What’s the deal with hot dogs – am I really going to harm my child if I serve them?
It’s true, hot dogs are probably not the pinnacle of nutritional goodness, but what would a baseball game be without them? In fact, most nutritionists would agree that as long as your child is eating a well-balanced diet, an occasional off-the-grid treat (whether it be a hot dog, a Pop Tart, or blue licorice) won’t affect his overall health. So let’s start out by saying… relax. Don’t blow a gasket if your kid has a hot dog at a birthday party or sporting event.
Where you want to be concerned is if it becomes a habit or a regular part of your child’s diet – say, if your child is eating more than three hot dogs per week. At this point, you will need to be concerned about his intake of fat, sodium, and nitrates. If hot dogs are a staple of your family’s meal plan, you should shop for reduced-fat, lower-sodium versions of the original. And because of ongoing concerns about excessive amounts of nitrates, it’s a good idea to start steering your child away from cured meat products in general. (Hot dogs that are billed as nitrate-free have been found to have nitrates at levels similar to regular hot dogs.) If you’re looking for good protein sources, you’ll always get more nutritional power from chicken, beef, and eggs.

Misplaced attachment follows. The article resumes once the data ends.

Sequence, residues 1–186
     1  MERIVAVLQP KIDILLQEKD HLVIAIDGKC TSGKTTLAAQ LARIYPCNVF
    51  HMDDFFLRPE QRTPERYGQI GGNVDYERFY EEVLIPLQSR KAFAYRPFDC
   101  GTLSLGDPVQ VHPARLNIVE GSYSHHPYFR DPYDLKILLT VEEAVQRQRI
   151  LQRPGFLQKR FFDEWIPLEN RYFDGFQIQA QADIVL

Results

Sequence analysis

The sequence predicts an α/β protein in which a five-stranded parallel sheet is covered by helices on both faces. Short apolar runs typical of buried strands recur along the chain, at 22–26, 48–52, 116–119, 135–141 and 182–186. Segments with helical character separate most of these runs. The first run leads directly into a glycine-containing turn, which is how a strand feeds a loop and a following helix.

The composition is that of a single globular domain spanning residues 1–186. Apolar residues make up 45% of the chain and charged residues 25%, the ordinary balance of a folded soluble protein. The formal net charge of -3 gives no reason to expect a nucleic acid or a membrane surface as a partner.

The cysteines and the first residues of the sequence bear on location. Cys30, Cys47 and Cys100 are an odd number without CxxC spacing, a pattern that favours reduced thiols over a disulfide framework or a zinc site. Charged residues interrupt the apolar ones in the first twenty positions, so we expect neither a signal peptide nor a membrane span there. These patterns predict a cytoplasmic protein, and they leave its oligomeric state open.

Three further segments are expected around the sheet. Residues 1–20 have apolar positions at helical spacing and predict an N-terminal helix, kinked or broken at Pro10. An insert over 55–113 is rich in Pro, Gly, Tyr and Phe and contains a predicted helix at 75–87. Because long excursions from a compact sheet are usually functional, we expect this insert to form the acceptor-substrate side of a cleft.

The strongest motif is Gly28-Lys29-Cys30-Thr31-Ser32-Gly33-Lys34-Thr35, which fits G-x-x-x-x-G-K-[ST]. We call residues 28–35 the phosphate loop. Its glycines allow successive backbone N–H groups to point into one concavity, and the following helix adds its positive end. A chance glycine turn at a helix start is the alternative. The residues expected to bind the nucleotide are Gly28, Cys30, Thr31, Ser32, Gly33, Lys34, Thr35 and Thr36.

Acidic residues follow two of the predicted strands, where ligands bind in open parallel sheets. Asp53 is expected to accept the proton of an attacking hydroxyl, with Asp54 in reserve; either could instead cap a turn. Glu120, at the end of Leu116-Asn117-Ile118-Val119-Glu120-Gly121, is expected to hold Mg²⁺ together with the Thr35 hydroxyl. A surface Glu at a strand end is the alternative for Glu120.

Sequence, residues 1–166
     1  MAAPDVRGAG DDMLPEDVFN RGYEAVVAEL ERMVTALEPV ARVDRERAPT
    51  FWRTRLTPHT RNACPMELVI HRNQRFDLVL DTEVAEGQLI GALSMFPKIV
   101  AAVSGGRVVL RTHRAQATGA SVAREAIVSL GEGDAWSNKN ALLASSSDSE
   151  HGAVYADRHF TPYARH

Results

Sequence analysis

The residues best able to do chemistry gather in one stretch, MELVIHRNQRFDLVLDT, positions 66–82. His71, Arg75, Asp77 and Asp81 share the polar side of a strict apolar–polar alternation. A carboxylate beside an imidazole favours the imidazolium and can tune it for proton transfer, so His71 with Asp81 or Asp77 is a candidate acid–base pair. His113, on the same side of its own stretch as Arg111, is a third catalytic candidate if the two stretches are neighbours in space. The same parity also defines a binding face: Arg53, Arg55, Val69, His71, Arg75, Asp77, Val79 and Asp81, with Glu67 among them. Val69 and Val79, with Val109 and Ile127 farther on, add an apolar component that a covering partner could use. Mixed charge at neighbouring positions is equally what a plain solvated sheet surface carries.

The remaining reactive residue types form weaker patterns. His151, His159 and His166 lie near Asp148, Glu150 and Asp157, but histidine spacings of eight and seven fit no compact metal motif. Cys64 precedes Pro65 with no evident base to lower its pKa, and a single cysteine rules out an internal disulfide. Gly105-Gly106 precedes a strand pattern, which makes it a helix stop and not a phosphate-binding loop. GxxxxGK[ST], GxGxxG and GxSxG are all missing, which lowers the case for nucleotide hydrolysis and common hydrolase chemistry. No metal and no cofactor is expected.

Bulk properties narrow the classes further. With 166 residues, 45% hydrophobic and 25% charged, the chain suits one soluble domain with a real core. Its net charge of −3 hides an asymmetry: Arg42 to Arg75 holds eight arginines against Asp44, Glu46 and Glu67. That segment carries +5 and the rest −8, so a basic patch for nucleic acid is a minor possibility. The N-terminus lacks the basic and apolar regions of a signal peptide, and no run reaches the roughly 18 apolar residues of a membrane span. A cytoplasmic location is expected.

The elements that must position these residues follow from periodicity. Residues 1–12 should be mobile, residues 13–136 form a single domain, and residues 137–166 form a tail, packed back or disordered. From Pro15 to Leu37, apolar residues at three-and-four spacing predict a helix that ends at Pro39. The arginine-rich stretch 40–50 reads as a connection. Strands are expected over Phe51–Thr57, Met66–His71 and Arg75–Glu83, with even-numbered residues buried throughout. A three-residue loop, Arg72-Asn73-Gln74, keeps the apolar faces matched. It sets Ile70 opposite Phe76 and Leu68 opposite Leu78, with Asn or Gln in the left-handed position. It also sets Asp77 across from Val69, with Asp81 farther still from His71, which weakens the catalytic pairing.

For a great summary of the health value of hot dogs and recommendations, see this Consumer Reports summary. Now go enjoy that baseball game!